Describing the new regulatory framework lies outside the scope of this Article,22For an excellent introduction, see generally David Skeel, The New Financial Deal: Understanding the Dodd-Frank Act and Its (Unintended) Consequences (2011). but two facts are worth mentioning. First, policymakers have significantly expanded the portfolio of regulatory tools to preserve financial stability. Before the crisis, most of the regulations aimed at ensuring the solvency of the individual financial institutions without paying attention to the interconnections among them.23See Samuel G. Hanson et al., A Macroprudential Approach to Financial Regulation, 25 J. Econ. Persp. 3, 3 (2011) (describing a microprudential approach as “one in which regulation is . . . aimed at preventing the costly failure of individual financial institutions”). See generally Michael S. Barr et al., Financial Regulation: Law and Policy 310 (2d ed. 2018) (arguing that one of the main problems of the capital requirements that were imposed before the crisis was that they did not account for the interconnectedness of financial institutions). Departing from this “microprudential” approach, policymakers have now introduced a new family of “macroprudential” policies that attempt to protect the financial system as a whole.24See Kristin N. Johnson, Macroprudential Regulation: A Sustainable Approach to Regulating Financial Markets, 2013 U.Ill. L. Rev. 881, 881 (2013) (arguing that “the culture of financial institutions may lead [a] Board to govern these businesses less effectively than boards in non-financial sectors”). See generally Ben Bernanke, Implementing a Macroprudential Approach to Supervision and Regulation, Remarks at the 47th Annual Conference on Bank Structure and Competition, (May 5, 2011), in https://www.federalreserve.gov/newsevents/speech/bernanke20110505a.htm [https://perma.cc/P58X-KWCS], at 1 (explaining that the post-crisis legislation requires “the Federal Reserve and other financial regulatory agencies adopt a so-called macroprudential approach . . . [that] supplements traditional supervision and regulation of individual firms or markets with explicit consideration of threats to the stability of the financial system as a whole”). These new policies have significantly complicated the regulatory landscape25As noted by Daniel Tarullo, a former member of the Board of Governors of the United States Federal Reserve Board, the Dodd-Frank Act alone “called for literally hundreds of new regulations, an approach that entailed protracted and often complicated rulemakings.” Tarullo, supra note 20, at 70. and yet have not eliminated the risk of a systemic crisis. Regardless of how carefully they are devised, ex ante regulations—be they micro or macro—cannot eliminate systemic risk: “[f]ailure is a fact of economic life.”26Levitin, supra note 6, at 478 (crises are bound to occur in complex, tightly-coupled systems, such as the financial system); see Iman Anabtawi & Steven L. Schwarcz, Regulating Ex Post: How Law Can Address the Inevitability of Financial Failure, 92 Tex. L. Rev. 75, 102 (2013); see also Yair Listokin, Law and Macroeconomics 6 (2019) (“[E]ven the best financial regulation is doomed to periodic failure.”). Moreover, regulators suffer from a chronic lack of information that impairs their ability to produce effective policies.27See, e.g., John Armour et al., Principles of Financial Regulation 579–80 (2016). For instance, leading financial economists have suggested that the capital requirements for SIFIs should be greatly increased.28See generally Anat Admati & Martin Hellwig, The Bankers’ New Clothes: What’s Wrong with Banking and What to Do About It 79–166 (2013) (discussing the social benefits of higher capital requirements). Capital reserves constitute a fundamental buffer that allow banks to be more resilient during times of stress, thereby increasing the stability of the financial system.29Id. at 6 (“Capital regulation requires that a sufficient fraction of a bank’s investments or assets be funded with unborrowed money. . . . Having a minimal ratio of unborrowed funds relative to total assets is a way to limit the share of assets that is funded by borrowing. Because unborrowed funds are obtained without any promise to make specific payments at particular times, having more equity enhances the bank’s ability to absorb losses on its assets.”); see also Tarullo, supra note 20, at 65 (noting that capital requirements “are . . . recognized as an especially supple prudential tool, insofar as they are available to absorb losses from sources both anticipated and unanticipated by bankers and regulators”). For an overview of capital bank regulation, see Richard Scott Carnell et al., The Law of Financial Institutions 215–69 (5th ed. 2013). The higher the capital reserves, the greater the losses banks are able to absorb. This is especially true for tier one capital, which includes only capital elements of the highest quality.30More precisely, tier one capital is divided in Common Equity tier one capital (CET1) and Additional tier one capital. The former is composed of “qualifying common stock and related surplus net of treasury stock; retained earnings; certain accumulated other comprehensive income (AOCI) elements if the institution does not make an AOCI opt-out election . . . plus or minus regulatory deductions or adjustments as appropriate; and qualifying common equity tier 1 minority interests. . . . [Q]ualifying noncumulative perpetual preferred stock, bank-issued Small Business Lending Fund and Troubled Asset Relief Program instruments that previously qualified for tier 1 capital, and qualifying tier 1 minority interests, less certain investments in other unconsolidated financial institutions’ instruments that would otherwise qualify as additional tier 1 capital.” Federal Deposit Insurance Corporation (FDIC), Risk Management Manual of Examination Policies, § 2.1-3 (2015) https://www.fdic.gov/regulations/safety/manual/section2-1.pdf [https://perma.cc/7JLE-WHPK]. But identifying the optimal capital requirement for each SIFI requires a level of information that regulators simply cannot have. Hence, capital requirements imposed by regulators are likely to be either too lax, in which case they fail to ensure the stability of the financial system, or too strict, in which case they impose unnecessary constraints on SIFIs’ activities.31See Harry DeAngelo & René M. Stulz, Liquid-Claim Production, Risk Management, and Bank Capital Structure: Why High Leverage Is Optimal for Banks, 16 J. Fin. Econ. 219, 231–33 (2015) (discussing why exceedingly high capital requirements can impose substantial costs). Our liability rule is an attempt to bypass these informational problems by improving the incentives of shareholders on the one hand and by enlisting markets in the monitoring of SIFIs’ solvency on the other.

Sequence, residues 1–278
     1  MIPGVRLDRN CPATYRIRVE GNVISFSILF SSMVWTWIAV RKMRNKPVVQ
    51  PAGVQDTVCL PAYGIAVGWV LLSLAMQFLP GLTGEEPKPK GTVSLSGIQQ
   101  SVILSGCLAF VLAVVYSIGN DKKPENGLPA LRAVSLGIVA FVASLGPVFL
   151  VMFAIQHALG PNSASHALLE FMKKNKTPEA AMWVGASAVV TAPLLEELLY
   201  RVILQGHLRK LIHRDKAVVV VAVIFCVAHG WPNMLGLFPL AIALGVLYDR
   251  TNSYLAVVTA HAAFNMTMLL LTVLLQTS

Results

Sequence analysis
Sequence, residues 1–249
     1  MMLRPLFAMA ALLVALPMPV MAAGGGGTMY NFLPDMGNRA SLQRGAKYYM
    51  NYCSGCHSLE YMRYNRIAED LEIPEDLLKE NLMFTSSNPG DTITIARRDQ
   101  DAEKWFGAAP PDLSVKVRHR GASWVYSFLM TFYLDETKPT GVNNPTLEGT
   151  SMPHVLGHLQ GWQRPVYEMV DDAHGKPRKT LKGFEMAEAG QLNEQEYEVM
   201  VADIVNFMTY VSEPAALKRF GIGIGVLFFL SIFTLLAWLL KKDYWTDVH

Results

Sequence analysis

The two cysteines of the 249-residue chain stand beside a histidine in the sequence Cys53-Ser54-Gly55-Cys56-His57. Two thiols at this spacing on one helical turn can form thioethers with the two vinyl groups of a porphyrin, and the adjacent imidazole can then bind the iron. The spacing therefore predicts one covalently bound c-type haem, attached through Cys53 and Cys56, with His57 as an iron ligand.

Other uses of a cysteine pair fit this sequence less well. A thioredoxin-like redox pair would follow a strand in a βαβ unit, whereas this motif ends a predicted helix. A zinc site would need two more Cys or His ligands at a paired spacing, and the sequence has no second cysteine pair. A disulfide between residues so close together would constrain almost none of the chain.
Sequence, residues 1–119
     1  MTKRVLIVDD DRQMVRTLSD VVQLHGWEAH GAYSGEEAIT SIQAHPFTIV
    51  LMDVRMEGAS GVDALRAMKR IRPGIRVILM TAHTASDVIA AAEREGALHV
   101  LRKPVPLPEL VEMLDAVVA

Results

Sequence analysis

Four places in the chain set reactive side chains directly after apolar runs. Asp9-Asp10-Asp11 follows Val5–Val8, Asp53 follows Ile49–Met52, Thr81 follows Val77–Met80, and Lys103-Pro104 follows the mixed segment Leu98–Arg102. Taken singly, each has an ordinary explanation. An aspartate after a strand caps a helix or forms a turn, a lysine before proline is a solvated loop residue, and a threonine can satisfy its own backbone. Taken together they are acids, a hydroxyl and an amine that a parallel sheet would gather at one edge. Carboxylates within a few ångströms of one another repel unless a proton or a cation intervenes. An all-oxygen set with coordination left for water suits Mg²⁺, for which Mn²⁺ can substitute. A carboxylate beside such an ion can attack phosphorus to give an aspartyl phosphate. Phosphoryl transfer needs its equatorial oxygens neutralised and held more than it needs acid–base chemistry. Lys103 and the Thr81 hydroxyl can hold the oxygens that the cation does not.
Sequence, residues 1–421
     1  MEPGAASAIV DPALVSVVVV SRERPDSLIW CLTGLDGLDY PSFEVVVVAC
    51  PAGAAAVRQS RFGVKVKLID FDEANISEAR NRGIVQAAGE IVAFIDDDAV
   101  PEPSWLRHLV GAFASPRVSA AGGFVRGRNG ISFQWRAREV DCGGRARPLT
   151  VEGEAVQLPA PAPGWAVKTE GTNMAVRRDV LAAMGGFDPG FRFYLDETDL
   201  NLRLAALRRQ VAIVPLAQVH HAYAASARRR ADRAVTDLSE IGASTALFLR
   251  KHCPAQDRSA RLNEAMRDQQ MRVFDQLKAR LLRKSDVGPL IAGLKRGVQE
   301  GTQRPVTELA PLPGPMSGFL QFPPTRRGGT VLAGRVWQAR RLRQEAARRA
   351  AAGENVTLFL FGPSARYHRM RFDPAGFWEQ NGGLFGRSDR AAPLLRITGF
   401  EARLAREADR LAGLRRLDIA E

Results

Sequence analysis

Second, regulators have attempted to mitigate the moral hazard problem created by bailouts. The financial crisis has reminded SIFIs once more that they are just too big to fail, and hence regulators are forced to intervene if a SIFI is in distress.32See Gary H. Stern & Ron J. Feldman, Too Big to Fail: The Hazards of Bank Bailouts 23–28 (2004) (discussing the too-big-to-fail problem). In this vein, anticipating that governments will bail them out in case of need, SIFIs have incentives to engage in excessive risk-taking, while their creditors have weaker incentives to monitor them.33See, e.g., Levitin, supra note 6, at 490 (“[I]f either or both creditors and shareholders of such a TBTF [too-big-to-fail] institution believe they will be made whole in a bailout—or not bear all the losses—they will have a reduced incentive to monitor the TBTF institution’s risk-taking, and they will not demand as great of a risk premium when they extend credit.”). To prevent this moral hazard problem, regulators have attempted to tie their own hands by introducing mechanisms to prevent future bailouts. The most important of these mechanisms are the Orderly Liquidation provisions in Title II of the Dodd-Frank Act,34Dodd-Frank Wall Street Reform and Consumer Protection Act, Pub. L. No. 111-203, 124 Stat. 1376 (2010) (codified at 12 U.S.C. § 5301 (2012)). which aim to facilitate the resolution of large, complex financial institutions by providing for a new bankruptcy procedure to be used for bank holding companies and their subsidiaries as an alternative to the Bankruptcy Code.35See 12 U.S.C. §§ 5381–394 (2012). A failing institution is placed in receivership under the control of the Federal Deposit Insurance Corporation (FDIC).36Id. § 5384(b). The FDIC, under the Orderly Liquidation Authority (OLA), has the power to act swiftly in order to find a new owner for the “good” parts of the failing institution, with access to government money to finance the operations of a “bridge bank” until the buyer for the good parts has been found.37Id. § 5390(h) (describing the functioning and the purpose of bridge financial companies). That should ensure continuity of operations and therefore avoid the negative effects on other financial institutions of a SIFI bankruptcy.